Instead of paying me overtime pay my employer will mark it on a day they give me off, does this violate MN Labor Laws?

Asked over 2 years ago - Minneapolis, MN

The way they are record hours will be having me work a 12 hour shift that will place my total hours over 40 for the week. In order to avoid paying me overtime they will give me a day off another week and record that day as me working. The are asking me to improperly fill out time cards to fit what they are "willing" to pay.

Attorney answers (3)

  1. Timothy John Coulter

    Contributor Level 10


    Lawyer agrees

    Answered . Under the federal labor laws an employer must pay overtime after 40 hours, however, under Minnesota labor laws an employer does not need to pay overtime until an employee works over 48 hours in a work week. Under Minnesota law, if you work over 48 hours in a work week then the employer must pay you for those hours at 1-1/2 times your regular rate. Also, unless the employer is the State of Minnesota or a political subdivision, the compensation should be monetary and not time off in lieu of monetary compensation.

    There also may be an issue with you improperly filling out time cards. However, much more information would be needed to answer your questions fully.

    Tim Coulter

    This response if for informational purposes only and is not creating a attorney-client relationship. An attorney... more
  2. Michael Hutchens Frasier


    Contributor Level 8


    Lawyer agrees

    Answered . Federal and Minnesota Fair Labor Standards Acts have many exemptions, and it is possible you are not a covered employee. However, if you are covered, what you are describing probably constitutes multiple violations - failure to pay overtime and failure to comply with the record-keeping requirements. You should speak with an attorney who can evaluate whether you are a covered employee and help you determine your best course of action.

  3. Jessica Natalie Hofrichter

    Contributor Level 3


    Lawyer agrees

    Answered . The Fair Labor Standards Act (“FLSA”) and the Minnesota Fair Labor Standards Act (“MFLSA”) offer certain wage protections to covered employees who work for covered employers. The most common protections the FLSA and MFLSA provide are minimum wage and overtime pay protections. The FLSA requires covered employers to pay eligible employees a minimum wage and overtime pay for any hours worked in a workweek over 40 hours. The MFLSA also requires covered employers to pay eligible employees a minimum wage, but only requires overtime pay for hours worked over 48 hours in a workweek.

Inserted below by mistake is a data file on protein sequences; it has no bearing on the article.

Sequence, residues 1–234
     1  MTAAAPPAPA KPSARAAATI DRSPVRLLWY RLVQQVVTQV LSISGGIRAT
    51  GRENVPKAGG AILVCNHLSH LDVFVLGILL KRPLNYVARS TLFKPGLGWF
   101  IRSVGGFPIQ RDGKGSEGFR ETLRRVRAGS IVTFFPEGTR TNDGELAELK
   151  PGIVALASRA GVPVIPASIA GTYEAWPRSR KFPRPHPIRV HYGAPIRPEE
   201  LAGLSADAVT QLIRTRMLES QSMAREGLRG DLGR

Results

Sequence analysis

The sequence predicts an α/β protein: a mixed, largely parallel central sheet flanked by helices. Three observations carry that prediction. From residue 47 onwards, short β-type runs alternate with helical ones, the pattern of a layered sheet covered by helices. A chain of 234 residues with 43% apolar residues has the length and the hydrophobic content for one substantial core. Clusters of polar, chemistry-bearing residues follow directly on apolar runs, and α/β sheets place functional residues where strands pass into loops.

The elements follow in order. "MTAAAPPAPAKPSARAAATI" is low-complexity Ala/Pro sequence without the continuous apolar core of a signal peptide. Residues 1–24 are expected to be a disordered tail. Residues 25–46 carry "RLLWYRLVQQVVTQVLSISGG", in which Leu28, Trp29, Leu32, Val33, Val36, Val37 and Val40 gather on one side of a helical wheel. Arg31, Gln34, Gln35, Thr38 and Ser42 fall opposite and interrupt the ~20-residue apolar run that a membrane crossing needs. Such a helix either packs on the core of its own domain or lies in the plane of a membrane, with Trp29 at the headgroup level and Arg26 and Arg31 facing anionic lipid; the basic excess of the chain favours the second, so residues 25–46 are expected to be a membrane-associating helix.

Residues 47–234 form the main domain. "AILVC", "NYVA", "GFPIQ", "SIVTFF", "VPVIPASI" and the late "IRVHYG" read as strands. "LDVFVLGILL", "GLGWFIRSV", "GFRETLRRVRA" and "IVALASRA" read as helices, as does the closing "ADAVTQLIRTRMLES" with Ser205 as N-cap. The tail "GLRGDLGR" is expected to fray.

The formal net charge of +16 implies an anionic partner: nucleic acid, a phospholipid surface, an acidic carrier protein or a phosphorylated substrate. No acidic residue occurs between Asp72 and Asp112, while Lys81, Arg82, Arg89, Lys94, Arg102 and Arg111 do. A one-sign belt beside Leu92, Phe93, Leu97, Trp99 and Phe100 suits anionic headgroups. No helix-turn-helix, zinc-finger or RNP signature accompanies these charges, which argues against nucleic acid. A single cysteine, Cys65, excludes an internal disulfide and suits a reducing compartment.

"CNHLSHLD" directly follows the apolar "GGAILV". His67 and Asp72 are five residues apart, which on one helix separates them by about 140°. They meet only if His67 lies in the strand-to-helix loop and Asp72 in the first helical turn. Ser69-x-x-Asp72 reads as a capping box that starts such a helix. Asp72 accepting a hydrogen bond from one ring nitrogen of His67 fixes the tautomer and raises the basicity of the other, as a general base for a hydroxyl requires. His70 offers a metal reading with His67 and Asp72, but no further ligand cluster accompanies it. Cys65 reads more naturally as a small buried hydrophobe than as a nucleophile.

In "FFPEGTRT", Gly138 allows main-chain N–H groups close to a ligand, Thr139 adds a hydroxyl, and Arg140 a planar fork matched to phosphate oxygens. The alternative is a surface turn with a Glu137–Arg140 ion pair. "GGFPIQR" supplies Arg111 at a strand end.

In order to be “covered,” an employer and an employee must meet certain requirements laid out in the applicable statutes. Generally, an employee is covered under the FLSA or MFLSA unless the employee is “exempt” from minimum wage or overtime pay. The FLSA and MFLSA have numerous exemptions (e.g., executive, administrative, etc.) that could disqualify you from being eligible for overtime payments. More information is needed in order to determine whether you are exempt from overtime pay, and whether your employer is covered by the FLSA or MFLSA.

    Your employer’s practice of recording your working hours may violate the law. Minnesota law requires most employers to keep a record of “the hours worked each day and each workweek by the employee.” Minn. Stat. § 177.30(a)(3).

    You should speak with a lawyer who can walk you through whether you are covered by the FLSA or MFLSA, and to discuss your legal options. Feel free to contact our law firm if you would like to discuss this further. We are located in Minneapolis, Minnesota and all of our attorneys are licensed in Minnesota.

    Jessica N. Hofrichter, Esq.
    Minnesota Employment Attorney

    As with all of my answers, this posting is not intended as legal advice, does not create an attorney-client... more

Related Topics

Overtime and exempt employees

Exempt employees do not receive overtime wages. Often called "salaried" workers, they receive a flat amount per pay period no matter what hours they work.

Employee rights

Employee rights in the United States include receiving legal and agreed-upon wages, working in physically safe conditions, and being free from harassment.

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